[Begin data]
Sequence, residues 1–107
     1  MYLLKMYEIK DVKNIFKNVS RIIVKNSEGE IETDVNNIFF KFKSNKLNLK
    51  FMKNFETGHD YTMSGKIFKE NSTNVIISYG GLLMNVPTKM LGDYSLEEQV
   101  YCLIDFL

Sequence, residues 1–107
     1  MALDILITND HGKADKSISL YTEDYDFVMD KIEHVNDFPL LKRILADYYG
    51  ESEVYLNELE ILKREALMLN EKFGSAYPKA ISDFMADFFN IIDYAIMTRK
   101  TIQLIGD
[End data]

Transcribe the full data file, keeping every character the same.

Sequence, residues 1–107
     1  MYLLKMYEIK DVKNIFKNVS RIIVKNSEGE IETDVNNIFF KFKSNKLNLK
    51  FMKNFETGHD YTMSGKIFKE NSTNVIISYG GLLMNVPTKM LGDYSLEEQV
   101  YCLIDFL

Sequence, residues 1–107
     1  MALDILITND HGKADKSISL YTEDYDFVMD KIEHVNDFPL LKRILADYYG
    51  ESEVYLNELE ILKREALMLN EKFGSAYPKA ISDFMADFFN IIDYAIMTRK
   101  TIQLIGD